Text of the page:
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BUSINESS: 49% Of Cape Town Business Says Drought is Becoming a Threat to their Survival

 



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NEARLY 49 percent of businesses in Cape Town say the drought and the water crisis has now become a threat to their survival, according to a survey of members conducted by the Cape Chamber of Commerce and Industry.

The survey also found that the crises had caused 23 percent of responding firms to postpone or halt new investments in their businesses.

“It is clear that we have a major crisis on our hands and it is time to slash the red tape and take emergency measures,” said Ms Janine Myburgh, President of the Chamber. “Unless we do so without delay we will suffer long-term damage to the economy and the reputation of the City.”

She said when South Africa had an AIDS crisis it was treated as an emergency, the rules were changed and this enabled the country to get on top of the epidemic. “We have to use the same approach now. Normal bureaucratic procedures were not designed to deal with emergencies.”

The survey also asked businesses how they were dealing with the water crisis. Nearly 41 % said that they had reduced their water consumption by 50% or more and 26 % said they had reduced consumption by 25%. Nearly 18% said they had reduced consumption by 10%.

Sixty-five percent of businesses said they had made changes or new investments in their businesses to ensure that they used less water in future years and 45% said they had developed long-term plans to make their businesses less dependent on municipal water supplies.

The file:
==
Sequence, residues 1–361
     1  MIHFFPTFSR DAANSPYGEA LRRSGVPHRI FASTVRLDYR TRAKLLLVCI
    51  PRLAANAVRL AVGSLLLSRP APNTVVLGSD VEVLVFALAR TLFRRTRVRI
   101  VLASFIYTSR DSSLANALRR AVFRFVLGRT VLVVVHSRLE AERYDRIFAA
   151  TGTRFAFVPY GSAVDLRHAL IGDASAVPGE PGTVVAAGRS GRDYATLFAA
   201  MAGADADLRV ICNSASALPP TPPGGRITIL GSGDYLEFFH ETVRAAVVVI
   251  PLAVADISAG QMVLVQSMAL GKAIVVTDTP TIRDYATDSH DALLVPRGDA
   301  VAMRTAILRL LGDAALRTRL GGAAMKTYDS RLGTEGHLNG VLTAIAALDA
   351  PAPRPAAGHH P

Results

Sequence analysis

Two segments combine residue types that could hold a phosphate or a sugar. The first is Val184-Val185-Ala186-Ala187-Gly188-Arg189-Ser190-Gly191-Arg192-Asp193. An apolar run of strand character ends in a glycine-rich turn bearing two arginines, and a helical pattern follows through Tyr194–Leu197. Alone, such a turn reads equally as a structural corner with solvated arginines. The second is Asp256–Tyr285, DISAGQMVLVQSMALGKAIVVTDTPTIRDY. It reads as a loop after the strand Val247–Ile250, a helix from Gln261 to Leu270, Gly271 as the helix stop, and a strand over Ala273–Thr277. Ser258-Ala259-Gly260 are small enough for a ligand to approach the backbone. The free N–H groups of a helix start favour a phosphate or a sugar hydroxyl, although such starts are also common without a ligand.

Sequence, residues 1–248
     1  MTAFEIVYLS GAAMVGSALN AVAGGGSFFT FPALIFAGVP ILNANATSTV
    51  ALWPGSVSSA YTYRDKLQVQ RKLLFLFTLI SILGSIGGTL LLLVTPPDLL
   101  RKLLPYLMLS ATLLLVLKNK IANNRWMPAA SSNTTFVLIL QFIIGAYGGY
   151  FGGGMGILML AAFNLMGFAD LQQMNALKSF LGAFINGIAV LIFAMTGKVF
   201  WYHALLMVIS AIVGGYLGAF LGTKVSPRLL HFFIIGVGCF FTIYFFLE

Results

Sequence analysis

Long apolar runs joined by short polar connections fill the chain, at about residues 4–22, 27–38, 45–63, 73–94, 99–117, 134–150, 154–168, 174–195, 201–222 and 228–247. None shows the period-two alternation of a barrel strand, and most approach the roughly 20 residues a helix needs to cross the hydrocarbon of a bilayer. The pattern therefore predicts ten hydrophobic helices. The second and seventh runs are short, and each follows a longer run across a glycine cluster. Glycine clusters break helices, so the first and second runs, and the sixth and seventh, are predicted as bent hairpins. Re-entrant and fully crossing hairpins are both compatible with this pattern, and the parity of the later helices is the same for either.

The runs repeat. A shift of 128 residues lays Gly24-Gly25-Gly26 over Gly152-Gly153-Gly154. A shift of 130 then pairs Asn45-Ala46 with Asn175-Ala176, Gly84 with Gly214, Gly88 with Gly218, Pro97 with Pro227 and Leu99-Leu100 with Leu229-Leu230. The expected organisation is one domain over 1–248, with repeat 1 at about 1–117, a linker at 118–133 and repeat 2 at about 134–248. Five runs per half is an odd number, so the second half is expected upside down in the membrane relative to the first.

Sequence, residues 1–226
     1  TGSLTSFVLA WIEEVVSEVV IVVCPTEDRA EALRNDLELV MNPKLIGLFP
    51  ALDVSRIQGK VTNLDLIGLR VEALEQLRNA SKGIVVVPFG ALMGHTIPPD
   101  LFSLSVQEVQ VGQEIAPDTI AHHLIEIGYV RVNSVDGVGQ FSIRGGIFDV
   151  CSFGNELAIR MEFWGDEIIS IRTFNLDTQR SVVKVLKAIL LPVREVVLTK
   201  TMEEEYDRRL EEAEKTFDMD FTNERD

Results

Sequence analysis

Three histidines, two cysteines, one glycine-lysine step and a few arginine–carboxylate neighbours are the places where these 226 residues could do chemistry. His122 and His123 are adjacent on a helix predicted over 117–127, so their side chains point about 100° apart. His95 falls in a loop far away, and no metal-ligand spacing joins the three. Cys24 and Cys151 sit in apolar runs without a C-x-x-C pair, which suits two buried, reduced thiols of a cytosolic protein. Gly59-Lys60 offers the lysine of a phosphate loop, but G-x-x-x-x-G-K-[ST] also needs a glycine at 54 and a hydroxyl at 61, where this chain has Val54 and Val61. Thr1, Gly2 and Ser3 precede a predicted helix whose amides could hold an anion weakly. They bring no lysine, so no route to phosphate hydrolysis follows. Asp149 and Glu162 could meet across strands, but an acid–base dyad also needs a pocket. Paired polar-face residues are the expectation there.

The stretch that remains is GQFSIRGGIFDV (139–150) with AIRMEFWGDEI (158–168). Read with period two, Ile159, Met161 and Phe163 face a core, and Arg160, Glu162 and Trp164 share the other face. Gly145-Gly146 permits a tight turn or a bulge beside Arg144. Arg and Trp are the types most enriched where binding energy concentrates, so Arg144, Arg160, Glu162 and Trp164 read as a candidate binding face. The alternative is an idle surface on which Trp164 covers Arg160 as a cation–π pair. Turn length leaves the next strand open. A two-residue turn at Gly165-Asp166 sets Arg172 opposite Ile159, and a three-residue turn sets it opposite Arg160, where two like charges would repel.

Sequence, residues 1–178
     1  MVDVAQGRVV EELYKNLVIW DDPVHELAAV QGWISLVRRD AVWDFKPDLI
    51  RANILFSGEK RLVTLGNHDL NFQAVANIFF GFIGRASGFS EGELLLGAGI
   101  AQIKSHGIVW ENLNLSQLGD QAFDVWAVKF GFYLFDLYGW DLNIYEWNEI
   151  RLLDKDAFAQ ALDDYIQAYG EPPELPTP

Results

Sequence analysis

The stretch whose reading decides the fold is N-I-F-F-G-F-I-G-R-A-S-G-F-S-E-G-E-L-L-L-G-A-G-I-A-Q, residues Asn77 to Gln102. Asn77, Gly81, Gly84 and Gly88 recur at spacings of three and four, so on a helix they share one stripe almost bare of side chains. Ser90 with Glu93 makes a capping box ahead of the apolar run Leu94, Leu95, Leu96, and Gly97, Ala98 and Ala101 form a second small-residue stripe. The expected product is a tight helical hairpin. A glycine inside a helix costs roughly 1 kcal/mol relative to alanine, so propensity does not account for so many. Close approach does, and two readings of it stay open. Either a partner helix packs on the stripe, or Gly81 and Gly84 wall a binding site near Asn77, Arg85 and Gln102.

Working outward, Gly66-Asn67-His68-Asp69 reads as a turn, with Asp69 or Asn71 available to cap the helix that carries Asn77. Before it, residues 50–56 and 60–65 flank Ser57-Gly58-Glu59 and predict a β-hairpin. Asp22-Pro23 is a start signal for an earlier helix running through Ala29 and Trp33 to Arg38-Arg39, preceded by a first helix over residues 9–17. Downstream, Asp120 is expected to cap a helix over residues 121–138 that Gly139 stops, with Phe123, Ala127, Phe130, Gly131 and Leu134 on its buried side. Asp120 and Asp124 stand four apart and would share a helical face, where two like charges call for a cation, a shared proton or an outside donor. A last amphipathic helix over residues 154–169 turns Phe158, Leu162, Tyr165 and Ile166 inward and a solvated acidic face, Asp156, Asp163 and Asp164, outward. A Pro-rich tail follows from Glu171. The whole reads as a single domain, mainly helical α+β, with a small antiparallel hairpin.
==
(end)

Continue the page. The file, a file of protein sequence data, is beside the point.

In response to the question: “Do you think the City Council has done enough to prepare for the water shortage,” 92.8 % said no.

Ms Myburgh said the problem was bigger than a City Council problem and it was also necessary to acknowledge that they had not been given the necessary help by the National Department of Water and Sanitation.

Comments from businesses indicated that a wide range of firms was already affected by the crisis. Those hit particularly hard were hotels, guest houses, catering firms, restaurants and others who provided services for the tourist industry. Landscaping and gardening services were already shedding jobs.

A variety of manufacturing operations were affected as water was used as an essential item in production and cleaning. “Without water, we close down,” said one respondent bluntly.
The respondents also pointed out that there was a huge knock-on effect as cut-backs and closures affected other firms and this would destroy jobs.


 
 
 
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